Podcast – The Whole Truth About Whole Grains — Part 3 with Stephen Yafa
Description: Between the latest online fads and the crazy media headlines, it’s easier than ever to get confused about your health. If you want to make better decisions about your health today so you can feel better and live longer, you’ve come to the right place.
Today we’re continuing our conversation on the effect of grains on health. I’m joined by Stephen Yafa, an author and speaker who has critically studied the current ideas and widely accepted misconceptions about wheat — if it has been genetically modified in dangerous ways, whether its basic structure has changed over recent decades, and whether it triggers diseases outside of Celiac. Stephen clarifies the differences between refined wheat and whole wheat, explains the benefits of various types of sourdough, and offers insights into the artisanal flour movement in America.
If you are wondering if grains are actually harmful to people without Celiacs disease, or what might happen to the gut health of a person with Celiacs disease who decides to eat more fermented foods such as sourdough bread, you’ll want to listen to my conversation with Stephen. He has taken the time to break down some of the most common misconceptions about wheat, and he just might convince you that the health benefits of a whole grain diet is worth getting more involved in the growing and delicious worldwide artisanal movement.
[1:10] Today we continue our conversation about grains — are they harmful to people who don’t have Celiac’s disease? Introducing Stephen Yafa, a gluten researcher with answers.
[2:31] Stephen shares the experiences and preconceived notions that led him to dive deep into the controversial topic of gluten.
[6:15] A quick overview of the false information that is being presented in some of today’s most popular anti-gluten literature.
[9:02] Has there been a dramatic shift in genetics that has caused humans to be less tolerant of wheat over the last century?
[12:02] How the origin of wheat positively affected civilization over thousands of years.
[13:09] The correlation between wheat and the obesity epidemic has more to do with the processing of wheat than the composition of wheat itself.
[15:34] Evidence shows that natural fermentation can affect your health in a far more significant way than processed wheat.
[18:04] A look at the benefits of making whole grains a central part of a healthy diet, including lower cholesterol and blood pressure and a longer-lasting feeling of fullness.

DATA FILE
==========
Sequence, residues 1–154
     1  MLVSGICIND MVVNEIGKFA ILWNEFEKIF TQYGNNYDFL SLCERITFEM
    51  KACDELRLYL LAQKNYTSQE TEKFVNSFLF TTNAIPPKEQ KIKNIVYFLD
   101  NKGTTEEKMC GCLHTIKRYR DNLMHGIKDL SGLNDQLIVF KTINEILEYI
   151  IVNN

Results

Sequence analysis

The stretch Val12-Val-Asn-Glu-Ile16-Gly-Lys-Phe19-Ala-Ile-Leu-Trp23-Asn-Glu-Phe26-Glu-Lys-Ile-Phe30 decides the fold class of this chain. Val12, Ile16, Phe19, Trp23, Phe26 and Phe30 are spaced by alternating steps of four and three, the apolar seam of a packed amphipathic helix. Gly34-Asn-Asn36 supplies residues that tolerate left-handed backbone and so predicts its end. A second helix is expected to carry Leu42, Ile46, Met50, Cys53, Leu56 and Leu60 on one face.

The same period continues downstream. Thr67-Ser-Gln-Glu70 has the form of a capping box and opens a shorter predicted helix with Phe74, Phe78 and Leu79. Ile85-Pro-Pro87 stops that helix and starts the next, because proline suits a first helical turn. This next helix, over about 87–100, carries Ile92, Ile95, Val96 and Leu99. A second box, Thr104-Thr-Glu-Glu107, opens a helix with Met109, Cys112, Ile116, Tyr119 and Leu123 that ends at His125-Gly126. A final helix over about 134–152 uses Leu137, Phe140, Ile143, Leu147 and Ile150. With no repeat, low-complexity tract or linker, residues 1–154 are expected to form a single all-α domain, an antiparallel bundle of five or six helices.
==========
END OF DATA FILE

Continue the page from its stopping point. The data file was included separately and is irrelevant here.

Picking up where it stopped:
[19:50] Understanding the link between cardiovascular death and whole grain in people without Celiacs disease.
[21:15] The health benefits of ingesting naturally fermented breads, particularly sourdough, when it passes through the gut wall without triggering an immune response.
[25:38] What would happen if you offered a naturally fermented sourdough bread to a person with Celiacs disease?
[27:56] A peek inside the artisanal flour movement, including baking conventions and the passion and knowledge that inspires bakers around the world to continue experimenting with wheat.
[32:32] Stephen’s weight loss findings from perfecting his Final Five sourdough bread recipe.
[36:40] A gluten-free diet is synonymous with healthy eating, and other misconceptions about what people have to give up in order to live a more healthy lifestyle.
[40:39] Stephen’s recommendations for adding layers of complexity and flavor to any diet — fermented foods.
[42:36] Do you have a topic you’d like me to cover? Contact me on Facebook or Instagram using #medicalmyths.
To learn more:
Grain of Truth: Why Eating Grain Can Improve Your Health by Stephen Yafa
Stephen’s Final Five Sourdough bread recipe
“By and large it is just not true that wheat has changed its genetic profile over the last century.” — Stephen Yafa
“Processed foods can absolutely affect your health in negative ways, and we see it happening all the time.” — Stephen Yafa
“People are starting to understand yet again that whole grains are extraordinarily healthful for you.” — Stephen Yafa
“It’s interesting that we have two very diverse movements that are both growing — the fears about gluten and then the interest in breads.” — Dr. Christianson